Notre Dame des Neiges Cemetery
Front entrance, Cimetière Notre-Dame-des-Neiges
|Type||originally Roman Catholic, open to Christian burials|
|Size||343 acres (139 ha)|
|Number of graves||65,000+|
|Number of interments||1 million|
Founded in 1854, Cimetière Notre-Dame-des-Neiges is a 343-acre (139 ha) cemetery located in the borough of Côte-des-Neiges–Notre-Dame-de-Grâce, Montreal, Quebec, Canada. The entrance and the grounds run along a part of Côte-des-Neiges road and up the slopes of Mount Royal. Notre-Dame-des-Neiges Cemetery is the largest cemetery in Canada and the third-largest in North America.
History and description
Created on property purchased from Dr. Pierre Beaubien, the new cemetery was a response to growing demand at a time when the old Saint-Antoine Cemetery (near the present Dominion Square) had become too small to serve Montreal’s rapidly increasing population. On May 29, 1855, Mrs. Jane Gilroy, wife of Thomas McCready, then a Montreal municipal councilor, was the first person to be buried in the new cemetery.
Notre-Dame-des-Neiges is the largest cemetery in Canada with more than 55 kilometres of lanes and one million people interred. The Notre-Dame-des-Neiges Cemetery site has over 65,000 monuments and 71 family vaults.
The cemetery was originally open only to Roman Catholics; it is now open to any Christian, though it continues to be a Catholic institution and serve a primarily Catholic community. Primarily the interment grounds for French Canadians, as they have almost exclusively been members of the Roman Catholic faith.The cemetery shares the mountain with the predominantly English-speaking and originally Protestant adjacent burial ground, the Mount Royal Cemetery. These two abutting cemeteries on the slopes of Mount Royal contain a total of 1.5 million burials.
"La Pietà Mausoleum" contains a life-sized marble reproduction of Michelangelo's Pietà sculpture (original located in St. Peter's Basilica at the Vatican). Notre-Dame-des-Neiges Cemetery was designated a National Historic Site of Canada in 1999 and plaqued in 2004.
No burials or cremations took place between May 16, 2007, and September 11, 2007, because of a labour strike. The interments of more than 300 bodies were affected. In addition, its uncut, unkempt grass became a symbol of the labour dispute.
Due to its vast size, locating a specific grave can be difficult. As a result, the cemetery now offers a computerized mapping service that allows visitors to quickly and accurately locate graves. It can be accessed at the cemetery using a touch screen display or via the Internet.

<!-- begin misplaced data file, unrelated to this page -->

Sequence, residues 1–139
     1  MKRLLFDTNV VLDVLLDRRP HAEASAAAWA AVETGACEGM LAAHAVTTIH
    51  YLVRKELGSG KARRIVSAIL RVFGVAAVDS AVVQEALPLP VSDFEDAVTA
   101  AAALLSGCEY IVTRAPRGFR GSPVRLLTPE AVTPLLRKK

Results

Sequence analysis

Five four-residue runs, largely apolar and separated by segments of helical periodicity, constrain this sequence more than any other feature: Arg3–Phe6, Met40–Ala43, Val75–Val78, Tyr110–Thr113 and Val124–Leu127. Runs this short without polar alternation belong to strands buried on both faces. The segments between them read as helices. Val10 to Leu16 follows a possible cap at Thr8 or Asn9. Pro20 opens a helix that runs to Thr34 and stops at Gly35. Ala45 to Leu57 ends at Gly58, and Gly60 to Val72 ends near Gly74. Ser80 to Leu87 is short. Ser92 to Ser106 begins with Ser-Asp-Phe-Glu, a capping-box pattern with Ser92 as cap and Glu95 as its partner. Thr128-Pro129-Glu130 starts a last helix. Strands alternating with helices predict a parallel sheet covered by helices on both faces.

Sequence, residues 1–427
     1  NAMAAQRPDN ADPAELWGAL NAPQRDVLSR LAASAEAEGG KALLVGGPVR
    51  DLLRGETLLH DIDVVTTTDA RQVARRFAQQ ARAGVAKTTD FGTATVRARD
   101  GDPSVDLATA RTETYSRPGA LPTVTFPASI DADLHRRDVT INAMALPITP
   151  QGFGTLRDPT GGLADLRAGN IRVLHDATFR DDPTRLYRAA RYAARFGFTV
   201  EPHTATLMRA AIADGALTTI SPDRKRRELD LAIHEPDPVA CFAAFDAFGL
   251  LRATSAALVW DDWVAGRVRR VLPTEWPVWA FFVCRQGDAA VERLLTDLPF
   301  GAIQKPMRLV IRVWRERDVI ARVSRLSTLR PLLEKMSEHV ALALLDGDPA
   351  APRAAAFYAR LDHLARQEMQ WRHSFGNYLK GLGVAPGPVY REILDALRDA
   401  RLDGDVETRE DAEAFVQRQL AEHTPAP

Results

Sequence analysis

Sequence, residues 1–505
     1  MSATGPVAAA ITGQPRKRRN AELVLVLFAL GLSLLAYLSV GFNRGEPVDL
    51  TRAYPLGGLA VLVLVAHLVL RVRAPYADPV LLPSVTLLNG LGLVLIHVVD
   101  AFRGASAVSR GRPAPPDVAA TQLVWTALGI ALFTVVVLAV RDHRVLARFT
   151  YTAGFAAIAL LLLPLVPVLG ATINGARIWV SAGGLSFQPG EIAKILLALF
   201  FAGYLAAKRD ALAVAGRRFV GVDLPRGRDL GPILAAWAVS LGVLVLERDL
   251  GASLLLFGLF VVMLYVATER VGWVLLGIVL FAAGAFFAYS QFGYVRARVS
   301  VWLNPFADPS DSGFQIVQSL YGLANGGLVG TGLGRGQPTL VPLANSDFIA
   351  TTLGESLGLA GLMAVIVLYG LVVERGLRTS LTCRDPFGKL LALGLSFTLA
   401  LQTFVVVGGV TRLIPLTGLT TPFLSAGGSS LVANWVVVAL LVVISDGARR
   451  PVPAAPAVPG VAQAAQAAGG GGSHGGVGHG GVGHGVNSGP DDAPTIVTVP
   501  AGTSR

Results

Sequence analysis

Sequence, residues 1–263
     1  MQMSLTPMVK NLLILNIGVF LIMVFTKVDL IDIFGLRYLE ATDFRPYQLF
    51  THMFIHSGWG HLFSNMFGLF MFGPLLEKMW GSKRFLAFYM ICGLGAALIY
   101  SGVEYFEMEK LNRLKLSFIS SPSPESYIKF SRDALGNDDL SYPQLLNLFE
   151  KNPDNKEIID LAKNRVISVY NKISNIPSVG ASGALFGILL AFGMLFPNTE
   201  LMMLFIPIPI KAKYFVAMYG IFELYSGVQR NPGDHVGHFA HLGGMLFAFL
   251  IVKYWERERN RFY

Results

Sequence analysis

The only opening in the fence between the Notre Dame des Neiges and Mount Royal cemeteries is where two adjoining military sections are. Shortly after World War I, to emphasize the comradeship and uniformity of sacrifice of Protestant and Catholic soldiers, the Imperial War Graves Commission insisted on an open passage between the two plots and the Cross of Sacrifice was erected. There are 445 Commonwealth service war grave burials commemorated here, 252 from World War I and 215 from World War II. Those whose graves could not be individually marked are name listed on bronze plaques attached to the Cross of Sacrifice. The Quebec Memorial on the National Field of Honour at Pointe-Claire lists 24 servicemen buried here, whose graves could no longer be marked or maintained, as alternative commemorations.
Every mausoleum in Notre-Dame-des-Neiges Cemetery contains multiple crypts, clearly identified, as well as columbaria with glass or marble niches for one or more urns. The first mausoleum, Notre Dame, dedicated to the Blessed Virgin Mary, was built in 1978. The others were added gradually in the years that followed: John-Paul II (1980), Saint-Francis (1982), Marguerite-Bourgeoys (1983), The Pietà (1985), Saints Peter and Paul (1989), Sainte Clare of Assisi (1994), the two-storey Saint Marguerite d’Youville (1996) and most recently, Esther-Blondin (2007).
Opened in November 2007, the Esther Blondin Mausoleum, named after the founder of the Sisters of Saint Anne, houses 6,000 burial crypts and niches.
The cemetery is the final resting place for a number of former mayors of the city of Montreal plus other prominent persons including: